18. Kinniburgh, K., Spinazzola, J., Gabowitz, D., & Blaustein, M. (2010). Developing and implementing trauma-informed programming in two residential settings using the ARC framework. Unpublished manuscript.Google Scholar
  19. Kopp, C. (1982). Antecedents of self-regulation: A developmental perspective. Developmental Psychology, 18(2), 199–214.CrossRefGoogle Scholar
  20. Larrieu, J. A., & Bellow, S. M. (2004). Relationship assessment for young traumatized children. In J. D. Osofsky (Ed.), Young children and trauma: Intervention and treatment (pp. 155–172). New York, NY: Guilford Press.Google Scholar
  21. Lieberman, A., & van Horn, P. (2008). Psychotherapy with infants and young children: Repairing the effects of stress and trauma on early attachment. New York, NY: Guilford Press.Google Scholar
  22. Masten, A. S., & Coatsworth, J. D. (1998). The development of competence in favorable and unfavorable environments: Lessons from research on successful children. American Psychologist, 53, 205–220.PubMedCrossRefGoogle Scholar
  23. McCarthy, G. (1998). Attachment representations and representations of the self in relation to others: A study of preschool children in inner-city London. British Journal of Medical Psychology, 71(1), 57–72.PubMedCrossRefGoogle Scholar
  24. Meins, E., Fernyhough, C., Russel, J., & Clark-Carter, D. (1998). Security of attachment as a predictor of symbolic and mentalising abilities: A longitudinal study. Social Development, 7(1), 1–24.CrossRefGoogle Scholar
  25. Osofsky, J. (Ed.). (2004). Young children and trauma: Intervention and treatment. New York, NY: Guilford Press.Google Scholar
  26. Perry, B., Hogan, L., & Marlin, S. (2000). Curiosity, pleasure, and play: A neurodevelopmental perspective. Retrieved from http://www.thegotomom.com/tips/curiosity.htm Google Scholar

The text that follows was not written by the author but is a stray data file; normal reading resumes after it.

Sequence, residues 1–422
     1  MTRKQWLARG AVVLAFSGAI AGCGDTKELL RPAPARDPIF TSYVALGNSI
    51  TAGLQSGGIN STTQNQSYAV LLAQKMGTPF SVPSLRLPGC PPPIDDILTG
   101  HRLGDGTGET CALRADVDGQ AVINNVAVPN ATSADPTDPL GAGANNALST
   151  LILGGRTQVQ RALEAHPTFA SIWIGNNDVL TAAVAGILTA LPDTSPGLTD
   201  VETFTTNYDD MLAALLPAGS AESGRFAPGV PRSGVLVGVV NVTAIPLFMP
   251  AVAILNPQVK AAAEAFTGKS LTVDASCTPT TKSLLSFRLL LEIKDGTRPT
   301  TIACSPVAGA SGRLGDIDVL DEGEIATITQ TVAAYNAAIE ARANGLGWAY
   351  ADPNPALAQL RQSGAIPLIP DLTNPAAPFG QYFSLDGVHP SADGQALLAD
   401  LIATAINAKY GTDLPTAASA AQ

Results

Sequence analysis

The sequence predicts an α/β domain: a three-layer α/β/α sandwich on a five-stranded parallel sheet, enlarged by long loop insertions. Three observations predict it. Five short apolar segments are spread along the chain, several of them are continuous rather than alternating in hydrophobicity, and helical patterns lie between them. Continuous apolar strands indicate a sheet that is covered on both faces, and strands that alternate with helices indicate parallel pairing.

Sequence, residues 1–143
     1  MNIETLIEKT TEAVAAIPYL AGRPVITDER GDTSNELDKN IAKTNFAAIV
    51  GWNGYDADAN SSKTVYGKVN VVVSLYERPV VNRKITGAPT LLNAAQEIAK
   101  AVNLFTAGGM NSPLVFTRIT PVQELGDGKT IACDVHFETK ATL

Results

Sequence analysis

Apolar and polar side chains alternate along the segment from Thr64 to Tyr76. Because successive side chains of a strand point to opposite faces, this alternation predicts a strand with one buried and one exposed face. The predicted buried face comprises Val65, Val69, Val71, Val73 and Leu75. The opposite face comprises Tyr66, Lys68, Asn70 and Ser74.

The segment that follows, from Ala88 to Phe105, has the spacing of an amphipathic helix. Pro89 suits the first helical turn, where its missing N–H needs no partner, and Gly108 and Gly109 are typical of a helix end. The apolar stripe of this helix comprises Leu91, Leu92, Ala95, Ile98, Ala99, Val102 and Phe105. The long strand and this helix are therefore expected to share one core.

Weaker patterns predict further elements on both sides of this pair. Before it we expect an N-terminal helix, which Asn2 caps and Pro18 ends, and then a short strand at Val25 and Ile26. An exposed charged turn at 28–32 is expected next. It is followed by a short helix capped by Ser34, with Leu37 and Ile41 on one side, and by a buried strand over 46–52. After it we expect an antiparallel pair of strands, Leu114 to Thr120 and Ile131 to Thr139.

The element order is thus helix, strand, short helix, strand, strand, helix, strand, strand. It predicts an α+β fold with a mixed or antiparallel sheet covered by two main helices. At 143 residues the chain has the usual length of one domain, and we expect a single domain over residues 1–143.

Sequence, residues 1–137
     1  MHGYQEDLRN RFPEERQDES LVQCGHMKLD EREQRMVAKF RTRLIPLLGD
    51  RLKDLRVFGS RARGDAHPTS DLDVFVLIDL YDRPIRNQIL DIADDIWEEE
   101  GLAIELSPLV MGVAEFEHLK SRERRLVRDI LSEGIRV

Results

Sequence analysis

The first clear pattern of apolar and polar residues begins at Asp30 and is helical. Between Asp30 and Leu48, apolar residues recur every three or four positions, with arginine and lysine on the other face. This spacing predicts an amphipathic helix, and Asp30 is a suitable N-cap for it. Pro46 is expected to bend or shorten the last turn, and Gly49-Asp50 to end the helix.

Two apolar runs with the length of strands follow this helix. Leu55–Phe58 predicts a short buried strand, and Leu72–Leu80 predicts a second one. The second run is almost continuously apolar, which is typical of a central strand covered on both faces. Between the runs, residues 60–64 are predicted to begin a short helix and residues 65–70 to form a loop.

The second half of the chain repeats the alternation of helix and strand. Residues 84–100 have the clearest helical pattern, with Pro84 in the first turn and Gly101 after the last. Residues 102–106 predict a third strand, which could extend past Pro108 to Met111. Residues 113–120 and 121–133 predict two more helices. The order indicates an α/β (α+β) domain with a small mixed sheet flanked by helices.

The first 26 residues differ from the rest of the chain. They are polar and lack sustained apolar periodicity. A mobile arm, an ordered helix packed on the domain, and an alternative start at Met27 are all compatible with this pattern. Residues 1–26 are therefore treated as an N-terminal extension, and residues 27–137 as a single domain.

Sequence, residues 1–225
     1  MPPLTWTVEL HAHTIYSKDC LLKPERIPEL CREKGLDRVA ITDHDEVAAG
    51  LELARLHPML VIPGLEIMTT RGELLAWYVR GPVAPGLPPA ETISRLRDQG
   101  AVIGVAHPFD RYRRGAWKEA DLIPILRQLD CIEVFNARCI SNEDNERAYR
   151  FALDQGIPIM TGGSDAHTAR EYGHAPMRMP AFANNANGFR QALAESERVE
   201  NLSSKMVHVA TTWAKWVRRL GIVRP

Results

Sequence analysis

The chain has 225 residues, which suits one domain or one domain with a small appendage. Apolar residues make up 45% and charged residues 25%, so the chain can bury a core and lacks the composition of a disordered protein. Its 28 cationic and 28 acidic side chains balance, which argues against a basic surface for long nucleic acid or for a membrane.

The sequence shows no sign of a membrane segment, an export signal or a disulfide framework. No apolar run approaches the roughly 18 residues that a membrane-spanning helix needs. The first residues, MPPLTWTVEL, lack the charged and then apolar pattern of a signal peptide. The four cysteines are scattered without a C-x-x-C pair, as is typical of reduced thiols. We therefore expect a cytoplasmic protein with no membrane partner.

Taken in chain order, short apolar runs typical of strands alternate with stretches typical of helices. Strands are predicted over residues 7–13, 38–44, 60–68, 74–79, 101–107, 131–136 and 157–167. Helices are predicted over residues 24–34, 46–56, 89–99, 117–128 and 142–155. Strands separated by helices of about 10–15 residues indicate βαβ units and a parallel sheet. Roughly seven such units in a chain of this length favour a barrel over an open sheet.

27. Phinney, J. S. (1990). Ethnic identity in adolescents and adults: Review of research. Psychological Bulletin, 108, 499–514.PubMedCrossRefGoogle Scholar
  28. Pynoos, R., Rodriguez, N., Steinberg, A., Stuber, M., & Frederick, C. (1998). UCLA PTSD Index for DSM IV. Los Angeles, CA: UCLA Trauma Psychiatry Service.Google Scholar
  29. Sadeh, A. (1996). Stress, trauma, and sleep in children. Child and Adolescent Psychiatric Clinics of North America, 5, 685–700.Google Scholar
  30. Scheeringa, M. S., & Zeanah, C. H. (2001). A relational perspective on PTSD in early childhood. Journal of Traumatic Stress, 14, 799–815.CrossRefGoogle Scholar
  31. Schneider, B., Atkinson, L., & Tardif, C. (2001). Child-parent attachment and children’s peer relations: A quantitative review. Developmental Psychology, 37, 86–100.PubMedCrossRefGoogle Scholar
  32. Schore, A. (2001a). Effects of a secure attachment on right brain development, affect regulation, and infant mental health. Infant Mental Health Journal, 22, 7–66.CrossRefGoogle Scholar
  33. Schore, A. (2001b). The effects of early relational trauma on right brain development, affect regulation, and infant mental health development. Infant Mental Health Journal, 22, 201–269.CrossRefGoogle Scholar
  34. Schuder, M., & Lyons-Ruth, K. (2004). “Hidden trauma” in infancy: Attachment, fearful arousal, and early dysfunction of the stress response system. In J. Osofsky (Ed.), Young children and trauma (pp. 69–104). New York, NY: Guilford Press.Google Scholar
  35. Shonk, S. M., & Cicchetti, D. (2001). Maltreatment, competency deficits, and risk for academic and behavioral maladjustment. Developmental Psychology, 37, 3–17.PubMedCrossRefGoogle Scholar
  36. Spinazzola, J., Ford, J., Zucker, M., van der Kolk, B., Silva, S., Smith, S., et al. (2005). National survey of complex trauma exposure, outcome and intervention for children and adolescents. Psychiatric Annals, 35, 433–439.Google Scholar
  37. Toth, S., & Cicchetti, D. (1996). Patterns of relatedness, depressive symptomatology, and perceived competence in maltreated children. Journal of Consulting and Clinical Psychology, 64(1), 32–41.PubMedCrossRefGoogle Scholar
  38. U.S. Department of Health and Human Services. (2009). Alaska Child and Family Services Review. Retrieved from http://hss.state.ak.us/ocs/Publications/CFSRreport2009.pdf Google Scholar
  39. Vondra, J., Barnett, D., & Cicchetti, D. (1990). Self-concept, motivation, and competence among preschoolers from maltreating and comparison families. Child Abuse & Neglect, 14, 525–540.CrossRefGoogle Scholar

Copyright information

© Taylor & Francis Group, LLC 2011

Authors and Affiliations

  • Joshua Arvidson
    • 1
  • Kristine Kinniburgh
    • 2
  • Kristin Howard
    • 1
  • Joseph Spinazzola
    • 2
  • Helen Strothers
    • 1
  • Mary Evans
    • 1
  • Barry Andres
    • 1
  • Chantal Cohen
    • 1
  • Margaret E. Blaustein
    • 2
  1. 1.The Alaska Child Trauma Center at Anchorage Community Mental Health ServicesAnchorageUSA
  2. 2.The Trauma Center at Justice Resource InstituteUSA

Personalised recommendations